- Growth Hormones
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Growth hormone is an anabolic hormone synthesized from the pituitary gland.
Alternative names for the rescue hormone are: Somatotropin; GH; human growth hormone; HGH
Growth hormone is released into the bloodstream from the pituitary gland. The pituitary gland also produces other hormones with different functions of the growth hormone.
One of its function in children is their growth and development and the healing of bones. In adults, it does not cause growth but helps maintain normal structure and metabolism. Activates metabolic functions and transforms fat into energy. Including it also affects blood sugar levels, with some increases.
The release of this hormone in the body is not continuous. Its release is in the form of "pulsating bursts" every 3 to 5 hours. This release is controlled by two other hormones produced by the hypothalamus (a part of the brain): pituitary-stimulating growth hormone releasing growth hormone, and somatostatin that inhibits this release. Growth hormone levels increase and regulate through the quality and levels of various conditions: sleep, stress, physical activity, and low blood glucose levels.
They are also growing at the time of puberty. Growth hormone levels decrease during pregnancy and if the brain feels high levels of growth hormone or insulin-like growth factors already in the blood. Increase in growth hormone synthesis is significant in strength training sessions. This raises the fat burning process.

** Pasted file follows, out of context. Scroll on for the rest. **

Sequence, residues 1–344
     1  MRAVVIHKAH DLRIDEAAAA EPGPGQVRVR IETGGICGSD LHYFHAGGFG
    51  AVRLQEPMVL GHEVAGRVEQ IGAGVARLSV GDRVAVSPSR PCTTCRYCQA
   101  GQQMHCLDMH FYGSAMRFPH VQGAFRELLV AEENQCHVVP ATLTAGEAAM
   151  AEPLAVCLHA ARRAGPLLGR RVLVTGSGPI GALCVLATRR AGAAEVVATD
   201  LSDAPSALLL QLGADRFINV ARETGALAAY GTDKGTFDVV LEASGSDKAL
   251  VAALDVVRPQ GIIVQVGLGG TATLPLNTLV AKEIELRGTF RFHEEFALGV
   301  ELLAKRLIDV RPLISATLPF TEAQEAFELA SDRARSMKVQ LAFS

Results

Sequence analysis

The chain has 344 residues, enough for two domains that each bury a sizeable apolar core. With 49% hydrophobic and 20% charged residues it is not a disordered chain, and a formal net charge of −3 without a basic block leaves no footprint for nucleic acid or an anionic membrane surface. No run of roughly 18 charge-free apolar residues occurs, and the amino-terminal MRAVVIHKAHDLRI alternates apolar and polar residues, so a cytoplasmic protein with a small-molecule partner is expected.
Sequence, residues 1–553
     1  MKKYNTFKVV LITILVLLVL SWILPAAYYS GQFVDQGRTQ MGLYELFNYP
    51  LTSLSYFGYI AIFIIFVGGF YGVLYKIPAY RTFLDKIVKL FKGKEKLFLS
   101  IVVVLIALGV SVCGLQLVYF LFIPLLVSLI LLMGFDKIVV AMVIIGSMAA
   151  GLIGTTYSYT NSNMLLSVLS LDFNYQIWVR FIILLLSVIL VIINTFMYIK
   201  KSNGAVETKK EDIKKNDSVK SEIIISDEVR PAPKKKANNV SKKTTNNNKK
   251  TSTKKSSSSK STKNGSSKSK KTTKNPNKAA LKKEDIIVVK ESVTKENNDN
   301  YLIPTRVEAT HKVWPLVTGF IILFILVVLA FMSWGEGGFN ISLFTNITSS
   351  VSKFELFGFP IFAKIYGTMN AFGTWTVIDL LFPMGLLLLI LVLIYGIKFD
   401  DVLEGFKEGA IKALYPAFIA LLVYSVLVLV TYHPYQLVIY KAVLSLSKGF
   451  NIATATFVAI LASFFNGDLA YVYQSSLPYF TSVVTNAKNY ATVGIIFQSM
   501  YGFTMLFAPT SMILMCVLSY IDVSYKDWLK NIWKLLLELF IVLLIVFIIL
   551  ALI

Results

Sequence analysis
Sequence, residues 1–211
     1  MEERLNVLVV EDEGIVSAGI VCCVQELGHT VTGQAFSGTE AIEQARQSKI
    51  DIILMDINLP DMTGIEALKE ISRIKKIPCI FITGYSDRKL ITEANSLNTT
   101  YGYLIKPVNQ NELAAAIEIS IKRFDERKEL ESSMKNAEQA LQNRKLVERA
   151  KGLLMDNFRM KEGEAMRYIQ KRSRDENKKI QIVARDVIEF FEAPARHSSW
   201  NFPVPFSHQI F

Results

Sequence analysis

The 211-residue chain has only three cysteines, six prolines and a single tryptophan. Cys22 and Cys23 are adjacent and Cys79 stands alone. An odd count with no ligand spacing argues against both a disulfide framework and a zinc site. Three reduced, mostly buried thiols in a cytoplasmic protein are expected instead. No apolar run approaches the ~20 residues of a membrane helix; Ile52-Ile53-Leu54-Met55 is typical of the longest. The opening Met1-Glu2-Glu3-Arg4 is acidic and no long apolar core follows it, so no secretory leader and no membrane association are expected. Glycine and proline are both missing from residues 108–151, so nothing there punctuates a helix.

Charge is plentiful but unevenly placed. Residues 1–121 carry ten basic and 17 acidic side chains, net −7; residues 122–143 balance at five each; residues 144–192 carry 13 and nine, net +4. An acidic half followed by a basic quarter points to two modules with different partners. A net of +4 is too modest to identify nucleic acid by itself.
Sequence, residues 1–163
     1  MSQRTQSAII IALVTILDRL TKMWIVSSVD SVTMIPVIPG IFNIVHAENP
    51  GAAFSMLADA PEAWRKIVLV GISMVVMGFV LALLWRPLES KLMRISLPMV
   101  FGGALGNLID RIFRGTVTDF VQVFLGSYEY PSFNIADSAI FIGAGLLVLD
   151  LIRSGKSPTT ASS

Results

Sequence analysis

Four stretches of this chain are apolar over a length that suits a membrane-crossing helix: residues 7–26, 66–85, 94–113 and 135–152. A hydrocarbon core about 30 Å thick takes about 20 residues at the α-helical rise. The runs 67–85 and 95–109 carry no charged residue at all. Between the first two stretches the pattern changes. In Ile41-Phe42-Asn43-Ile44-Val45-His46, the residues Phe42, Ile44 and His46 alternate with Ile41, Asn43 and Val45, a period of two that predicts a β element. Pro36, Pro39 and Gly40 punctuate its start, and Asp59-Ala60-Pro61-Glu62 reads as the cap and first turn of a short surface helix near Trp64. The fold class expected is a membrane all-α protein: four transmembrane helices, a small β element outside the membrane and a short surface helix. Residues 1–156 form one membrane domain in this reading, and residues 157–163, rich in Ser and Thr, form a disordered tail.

The more burdensome the weight training, the more hormone will produce your body. The highest levels of GH do not measure during the training itself but during the recovery.
Basic rules to follow to synthesize growth hormone naturally:
• Strength training with basic exercises at least 3 times a week
• Sufficient but not excessive rest between the series
• A sufficient amount of sleep - at least 8 hours
• Proper diet including pure protein and fast protein in the post-workout period
• Avoid drinking alcohol
In the absence of this hormone in the body there is a slow development in children. Adults experience conditions such as obesity, decreased vital function, increased risk of heart disease, weak muscles and bones.
The reason for reduced GH levels may be different, such as genetic burden, lifestyle, brain injury, and so on. Obtaining in an artificial way is usually injected, once a day or several times a week. In the absence of a hormone, adult individuals often experience fatigue, unable to perform daily tasks, which in turn leads to low self-esteem and reduced standard of living.
Logically, excessive synthesis leads to too much growth. Different forms of gigantism are observed. In adults, excessive growth hormone for a long time leads to a condition known as acromegaly, where patients get swollen hands and feet. The facial features also change.
These patients also have organ widespread and serious functional disorders such as high blood pressure, diabetes and heart disease. More than 99% of cases are due to benign pituitary tumor-producing growth hormone.
Overproduction of GH is detected after glucose overload.